In BTS documentation, you’re either going to be a problem, or your going to help solve a problem. Having good, predictive intuition of where to be and where NOT to be helps a lot.

Putting good use to a tripod, slider, and the Aviator Jib.

Putting good use to a tripod, slider, and the Aviator Jib.

Q: How long does a BTS shoot take?

Alex: Depending on the style I’m going for, Behind The Scenes shoots can go on all day. It is my job to capture the prep, the candids, the mini-stories, the interviews, and sometimes the break down. A good rule of thumb is to have more footage, than not enough. As the production days progress, the back-stories start to reveal themselves and then I can start pacing myself. Once I have a solid story, I can also start gauging when to stop shooting, or when to carry on.

Another rule…Never shoot during lunch. Get your grub on when you can. Plus, nobody likes watching talent and crew members eat.

Q: What’s the difference in documenting an action-based television commercial vs. a standard TVC?

Toyota Avalon BTS-71Alex: The differences between the 2 ad styles range from length of shoot, to story line, to theme etc…

Either way, they are always fun and challenging. At the end of the shoot, I create a captivating video package for marketing, press kits, social media, and more. I love wracking my brain, searching for a different angle, and I always try to top my last project.

When it comes to style, I would say that I have a super macho, Chuck Norris-like attraction to action flicks. During these projects, I can take more aggressive liberties in the creative process and my blood gets to pumping as I ninja around set. ::Kicks air::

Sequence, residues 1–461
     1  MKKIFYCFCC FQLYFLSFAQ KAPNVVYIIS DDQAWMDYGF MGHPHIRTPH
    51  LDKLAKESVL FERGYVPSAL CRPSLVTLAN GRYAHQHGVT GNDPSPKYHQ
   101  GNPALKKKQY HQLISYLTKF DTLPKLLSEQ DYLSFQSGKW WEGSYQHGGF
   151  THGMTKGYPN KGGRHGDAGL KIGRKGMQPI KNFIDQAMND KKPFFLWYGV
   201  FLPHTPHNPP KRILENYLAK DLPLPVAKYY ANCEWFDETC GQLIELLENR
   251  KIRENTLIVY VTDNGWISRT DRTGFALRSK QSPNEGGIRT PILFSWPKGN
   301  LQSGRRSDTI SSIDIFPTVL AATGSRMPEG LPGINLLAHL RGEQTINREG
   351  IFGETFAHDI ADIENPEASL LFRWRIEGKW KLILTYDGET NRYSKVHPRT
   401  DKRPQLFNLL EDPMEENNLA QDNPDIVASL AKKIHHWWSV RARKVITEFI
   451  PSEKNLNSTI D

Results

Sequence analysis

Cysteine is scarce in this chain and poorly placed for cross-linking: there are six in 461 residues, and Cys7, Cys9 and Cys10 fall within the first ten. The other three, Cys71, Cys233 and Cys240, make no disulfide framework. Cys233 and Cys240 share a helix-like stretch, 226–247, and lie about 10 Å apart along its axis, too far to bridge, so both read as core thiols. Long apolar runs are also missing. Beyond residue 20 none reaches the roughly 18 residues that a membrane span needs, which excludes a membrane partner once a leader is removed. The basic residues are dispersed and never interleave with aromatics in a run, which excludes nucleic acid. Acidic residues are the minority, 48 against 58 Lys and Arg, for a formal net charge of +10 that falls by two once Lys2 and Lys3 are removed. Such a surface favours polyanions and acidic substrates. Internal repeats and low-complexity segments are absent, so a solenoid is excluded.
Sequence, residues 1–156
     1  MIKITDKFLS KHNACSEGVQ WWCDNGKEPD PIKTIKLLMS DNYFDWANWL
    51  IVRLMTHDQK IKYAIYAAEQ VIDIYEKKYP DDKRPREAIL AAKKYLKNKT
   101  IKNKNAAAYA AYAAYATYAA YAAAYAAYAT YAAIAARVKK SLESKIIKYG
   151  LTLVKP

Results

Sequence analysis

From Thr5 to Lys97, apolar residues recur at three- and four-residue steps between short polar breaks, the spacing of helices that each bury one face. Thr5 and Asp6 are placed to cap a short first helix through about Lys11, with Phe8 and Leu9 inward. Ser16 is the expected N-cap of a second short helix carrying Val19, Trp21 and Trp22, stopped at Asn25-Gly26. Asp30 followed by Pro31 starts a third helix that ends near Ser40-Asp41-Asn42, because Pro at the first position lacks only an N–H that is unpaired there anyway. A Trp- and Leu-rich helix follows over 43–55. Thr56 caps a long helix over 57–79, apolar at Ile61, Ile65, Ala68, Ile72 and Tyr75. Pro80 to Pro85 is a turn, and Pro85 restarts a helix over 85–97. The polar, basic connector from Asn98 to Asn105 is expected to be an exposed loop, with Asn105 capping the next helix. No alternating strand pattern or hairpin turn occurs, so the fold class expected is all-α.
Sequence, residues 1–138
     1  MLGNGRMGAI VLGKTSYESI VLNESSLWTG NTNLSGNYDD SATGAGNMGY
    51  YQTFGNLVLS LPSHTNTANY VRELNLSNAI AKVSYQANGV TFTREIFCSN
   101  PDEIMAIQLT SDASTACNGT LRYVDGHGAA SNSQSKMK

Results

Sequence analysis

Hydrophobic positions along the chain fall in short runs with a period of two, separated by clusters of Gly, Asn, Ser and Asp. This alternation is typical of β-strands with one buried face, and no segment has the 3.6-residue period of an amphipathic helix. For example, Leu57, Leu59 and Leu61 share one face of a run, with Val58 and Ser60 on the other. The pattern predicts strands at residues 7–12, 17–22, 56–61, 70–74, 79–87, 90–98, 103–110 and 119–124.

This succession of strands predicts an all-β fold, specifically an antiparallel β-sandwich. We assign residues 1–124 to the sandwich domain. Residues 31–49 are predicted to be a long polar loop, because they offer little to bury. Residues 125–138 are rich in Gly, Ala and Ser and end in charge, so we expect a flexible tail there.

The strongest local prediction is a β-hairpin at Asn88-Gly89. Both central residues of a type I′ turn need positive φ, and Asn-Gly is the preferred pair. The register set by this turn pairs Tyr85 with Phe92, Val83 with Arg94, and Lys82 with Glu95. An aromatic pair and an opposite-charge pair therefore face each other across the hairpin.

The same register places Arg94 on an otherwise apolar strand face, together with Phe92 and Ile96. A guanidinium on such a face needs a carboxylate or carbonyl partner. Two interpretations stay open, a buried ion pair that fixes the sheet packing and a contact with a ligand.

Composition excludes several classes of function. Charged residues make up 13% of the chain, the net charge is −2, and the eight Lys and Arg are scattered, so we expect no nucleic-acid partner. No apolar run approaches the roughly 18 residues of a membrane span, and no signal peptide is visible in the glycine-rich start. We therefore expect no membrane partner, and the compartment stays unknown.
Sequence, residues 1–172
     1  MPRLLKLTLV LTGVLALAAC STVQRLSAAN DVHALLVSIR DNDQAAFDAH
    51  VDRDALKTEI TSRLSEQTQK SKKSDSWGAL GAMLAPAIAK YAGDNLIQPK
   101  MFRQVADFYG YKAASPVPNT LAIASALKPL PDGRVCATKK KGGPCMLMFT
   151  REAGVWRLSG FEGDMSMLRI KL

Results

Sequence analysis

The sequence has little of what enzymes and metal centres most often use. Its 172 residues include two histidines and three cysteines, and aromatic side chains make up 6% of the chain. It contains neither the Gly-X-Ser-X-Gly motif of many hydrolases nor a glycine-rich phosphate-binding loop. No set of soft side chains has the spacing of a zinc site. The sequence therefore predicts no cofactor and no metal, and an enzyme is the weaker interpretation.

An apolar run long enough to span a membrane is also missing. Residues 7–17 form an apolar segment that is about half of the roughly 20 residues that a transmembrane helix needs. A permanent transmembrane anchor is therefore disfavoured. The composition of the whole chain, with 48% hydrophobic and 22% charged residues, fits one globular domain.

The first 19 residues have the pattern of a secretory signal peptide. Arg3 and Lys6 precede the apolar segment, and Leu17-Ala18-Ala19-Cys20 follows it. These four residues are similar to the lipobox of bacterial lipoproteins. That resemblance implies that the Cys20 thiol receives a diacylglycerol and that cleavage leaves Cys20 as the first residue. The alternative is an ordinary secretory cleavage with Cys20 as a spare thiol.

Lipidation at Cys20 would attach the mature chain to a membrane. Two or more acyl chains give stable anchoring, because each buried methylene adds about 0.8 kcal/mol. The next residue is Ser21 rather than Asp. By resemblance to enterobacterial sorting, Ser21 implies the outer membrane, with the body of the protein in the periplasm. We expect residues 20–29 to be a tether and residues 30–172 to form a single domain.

Idris getting his cool walk on.

Idris getting his cool walk on.

Q: How did the edit come together?

Alex: When it came to editing, I already had my shots mapped out; a mental story-board if you will. I made my selects and started splicing to match the theme. With Idris’ interview, I took his text and produced a story to compliment the brand’s message. But most important, was the music. I dedicated a few days to finding the best Spy-music composition to reflect my exact wants for this project. Once I found the track, the video came to life and practically edited itself. Creating the “Behind The Scenes” for the 2013 Toyota Avalon ad feat. Idris Elba, was complete!


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I hope you guys had as much fun watching our latest BTS creation as we had making it! Don’t forget to like BTS Hub and A3 Entertainment on FaceBook, and follow us @BTSHUBdotCOM and @a3ent on Twitter. We’d love to hear more questions from you!

BTS Hub and A3 Entertainment documented 3 days of television commercial magic featuring the Golden Globe winning British actor Idris Elba in Toyota Avalon’s ad campaign, Only The Name Remains. Commercial director Antony Hoffman spear headed the production co., Believe Media, while under the creative guide of business-building agency, Burrell Communications